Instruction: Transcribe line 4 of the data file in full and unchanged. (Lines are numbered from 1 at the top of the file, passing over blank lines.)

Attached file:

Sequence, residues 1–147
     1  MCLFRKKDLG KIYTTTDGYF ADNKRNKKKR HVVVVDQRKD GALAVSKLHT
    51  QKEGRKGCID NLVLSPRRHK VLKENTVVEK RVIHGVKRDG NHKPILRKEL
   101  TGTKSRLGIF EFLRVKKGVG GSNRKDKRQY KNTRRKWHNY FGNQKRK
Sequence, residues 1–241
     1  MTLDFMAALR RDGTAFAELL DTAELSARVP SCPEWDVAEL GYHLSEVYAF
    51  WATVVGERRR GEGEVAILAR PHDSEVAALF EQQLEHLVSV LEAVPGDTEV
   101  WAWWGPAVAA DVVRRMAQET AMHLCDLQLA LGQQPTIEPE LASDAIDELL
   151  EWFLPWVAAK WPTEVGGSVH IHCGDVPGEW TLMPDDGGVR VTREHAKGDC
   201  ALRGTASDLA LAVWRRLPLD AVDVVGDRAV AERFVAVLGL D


   101  TGTKSRLGIF EFLRVKKGVG GSNRKDKRQY KNTRRKWHNY FGNQKRK